With game-used material failing to excite the masses, Topps has turned to manufactured material to add some variety to its relic offerings.  Past offerings have brought us patches, hat logos, and poorly-received glove leather, but Topps went in a different direction in 2012.  This year, Topps introduced four types of metal manufactured material cards, all in its mainline product.  The pins and rings are missing the parts that would make them pins and rings (pointy bits and, um, rings, respectively), but the coins are complete double-sided medallions.  The Hall of Fame plaques turned out to be some of the best metal cards produced, even though they don’t look much like the actual plaques.  Tom Seaver is the Mets’ lone representative in most of these sets, with a Darryl Strawberry pin card being the only exception.

Topps brought logo patches to the minors in this year’s Pro Debut and Heritage Minor League.  The Mets had representatives from their four highest-level minor league teams, though the two from Heritage Minor League came as redemptions that didn’t get sent out until late December.  I guess it’s better than that 2011 Bowman Platinum Matt Harvey Autograph I’m still waiting for…

Speaking of autographs, Panini isn’t going to be left out of this.  2012 Panini Signature included three different manufactured material autographs from three Mets.  It’s not quite Sweet Spot, but it’s a promising start.

Partying Like It’s 1969

The return of Topps Archives was one of the high points of 2012 and it came with an outstanding autograph set.  In fact, a set of retired player on-card autographs like this hasn’t been seen since Archives last appeared in 2005.  While the 2012 product can’t rival 2005’s list of Mets, it still featured seven Mets and several more former Mets shown in other uniforms (most notably Jose Oquendo on nine different cards, one for each position he played in a single game).  Among those are 1969 Mets Bud Harrelson, Cleon Jones, and Ed Kranepool, back after an absence of several years.  Kranepool later appeared on more on-card autograph cards in Topps Tier One and sticker autograph cards in Topps Update.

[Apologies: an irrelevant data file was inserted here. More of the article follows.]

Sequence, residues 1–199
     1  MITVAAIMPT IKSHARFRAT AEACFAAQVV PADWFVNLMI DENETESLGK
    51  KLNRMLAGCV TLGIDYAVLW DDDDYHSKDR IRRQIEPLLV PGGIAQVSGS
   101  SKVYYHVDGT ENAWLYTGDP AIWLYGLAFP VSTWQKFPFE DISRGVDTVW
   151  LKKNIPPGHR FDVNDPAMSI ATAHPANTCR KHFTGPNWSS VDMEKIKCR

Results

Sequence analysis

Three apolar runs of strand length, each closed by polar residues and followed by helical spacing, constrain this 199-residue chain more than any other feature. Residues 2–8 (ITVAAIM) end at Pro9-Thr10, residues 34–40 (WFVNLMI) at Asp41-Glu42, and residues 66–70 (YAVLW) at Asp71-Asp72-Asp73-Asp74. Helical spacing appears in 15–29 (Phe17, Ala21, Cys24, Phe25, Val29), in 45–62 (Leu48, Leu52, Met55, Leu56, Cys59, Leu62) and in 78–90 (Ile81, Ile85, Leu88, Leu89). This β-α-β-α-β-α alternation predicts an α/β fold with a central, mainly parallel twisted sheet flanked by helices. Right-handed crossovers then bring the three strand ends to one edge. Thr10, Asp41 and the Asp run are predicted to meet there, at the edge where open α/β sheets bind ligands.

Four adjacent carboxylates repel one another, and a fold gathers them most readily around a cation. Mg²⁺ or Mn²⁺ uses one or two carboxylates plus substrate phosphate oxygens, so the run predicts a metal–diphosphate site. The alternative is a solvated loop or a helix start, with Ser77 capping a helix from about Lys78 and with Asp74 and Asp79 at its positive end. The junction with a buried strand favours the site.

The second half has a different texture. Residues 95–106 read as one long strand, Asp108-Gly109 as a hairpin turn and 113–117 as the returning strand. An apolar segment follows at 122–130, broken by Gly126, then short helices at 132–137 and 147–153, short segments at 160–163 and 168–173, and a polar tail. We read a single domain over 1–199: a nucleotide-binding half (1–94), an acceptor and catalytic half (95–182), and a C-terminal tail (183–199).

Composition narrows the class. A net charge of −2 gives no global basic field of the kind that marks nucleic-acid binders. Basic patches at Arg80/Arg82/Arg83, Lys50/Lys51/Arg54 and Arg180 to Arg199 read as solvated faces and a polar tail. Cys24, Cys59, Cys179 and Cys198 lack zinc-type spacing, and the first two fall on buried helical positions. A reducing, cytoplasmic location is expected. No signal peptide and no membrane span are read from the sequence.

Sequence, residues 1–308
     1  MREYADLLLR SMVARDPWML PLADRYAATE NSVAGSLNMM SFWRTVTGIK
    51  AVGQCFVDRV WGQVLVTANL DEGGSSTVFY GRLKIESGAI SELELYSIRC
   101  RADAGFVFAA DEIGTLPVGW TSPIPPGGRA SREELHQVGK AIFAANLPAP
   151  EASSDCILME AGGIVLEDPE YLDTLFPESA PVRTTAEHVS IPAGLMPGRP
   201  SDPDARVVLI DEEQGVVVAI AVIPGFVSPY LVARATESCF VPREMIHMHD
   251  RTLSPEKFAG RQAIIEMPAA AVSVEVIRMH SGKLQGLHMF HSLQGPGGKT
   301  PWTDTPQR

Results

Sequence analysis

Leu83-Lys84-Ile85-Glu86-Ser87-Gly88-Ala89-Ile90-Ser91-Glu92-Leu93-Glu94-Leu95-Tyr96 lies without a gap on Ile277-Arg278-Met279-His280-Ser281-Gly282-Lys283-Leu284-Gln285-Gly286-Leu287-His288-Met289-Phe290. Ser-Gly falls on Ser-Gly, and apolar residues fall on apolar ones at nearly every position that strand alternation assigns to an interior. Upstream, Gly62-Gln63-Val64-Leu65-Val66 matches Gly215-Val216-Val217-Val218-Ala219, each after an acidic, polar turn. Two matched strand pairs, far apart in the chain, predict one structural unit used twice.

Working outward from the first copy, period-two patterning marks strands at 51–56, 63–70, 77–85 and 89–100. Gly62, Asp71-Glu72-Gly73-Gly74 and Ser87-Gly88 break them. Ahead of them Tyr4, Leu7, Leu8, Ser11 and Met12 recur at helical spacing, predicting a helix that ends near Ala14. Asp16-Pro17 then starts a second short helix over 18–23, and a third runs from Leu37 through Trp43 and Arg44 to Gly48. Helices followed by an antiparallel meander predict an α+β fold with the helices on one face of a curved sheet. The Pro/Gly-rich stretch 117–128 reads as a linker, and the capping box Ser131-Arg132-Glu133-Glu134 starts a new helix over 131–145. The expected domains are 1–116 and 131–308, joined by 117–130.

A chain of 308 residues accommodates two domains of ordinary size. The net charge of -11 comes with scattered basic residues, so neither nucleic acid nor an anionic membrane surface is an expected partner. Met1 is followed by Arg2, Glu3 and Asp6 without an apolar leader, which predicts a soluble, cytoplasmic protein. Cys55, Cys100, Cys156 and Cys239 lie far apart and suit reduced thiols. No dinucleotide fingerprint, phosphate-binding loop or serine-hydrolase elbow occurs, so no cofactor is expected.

Justin Turner Auto Time

Also appearing on a sticker autograph in Topps Update is Justin Turner.  Turner, best known for being the guy who pies people after walkoff wins, received his first game-used jersey card at the very end of 2011 in Bowman Sterling.  He follows that up in 2012 with his first certified autograph card.


Several other Mets had certified autograph cards for the first time in 2012.  Chris Schwinden started things off in 2011 Panini Donruss Elite Extra Edition alongside several 2011 draft picks.  Jordany Valdespin became the first Met with a 2012 Bowman autograph with a sticker autograph in Bowman retail packs (sadly, no Mets were featured in the chrome on-card autographs in Bowman and Bowman Chrome).  2012 draft picks Gavin Cecchini and Kevin Plawecki rounded out the meager Mets offerings in Bowman with chrome autographs in Bowman Draft Picks & Prospects and Bowman Sterling.

Topps Heritage, as usual, added autographs from several Mets from the 1960s: Craig Anderson, Chico Fernandez, Ed Bauta, and Hobie Landrith.

Topps Breaks the Ice with a New Wave of Refractors

I am so sorry for that.  With such a limited selection of parallels between the various colored borders, colored border refractors, atomic refractors, xfractors, and superfractors, Topps was in dire need of something new.  Enter the ice parallels (base Bowman) and wave refractors (Bowman Chrome), both with serial numbered color variants of their own.  Topps leads the way in making the same card as many times as possible.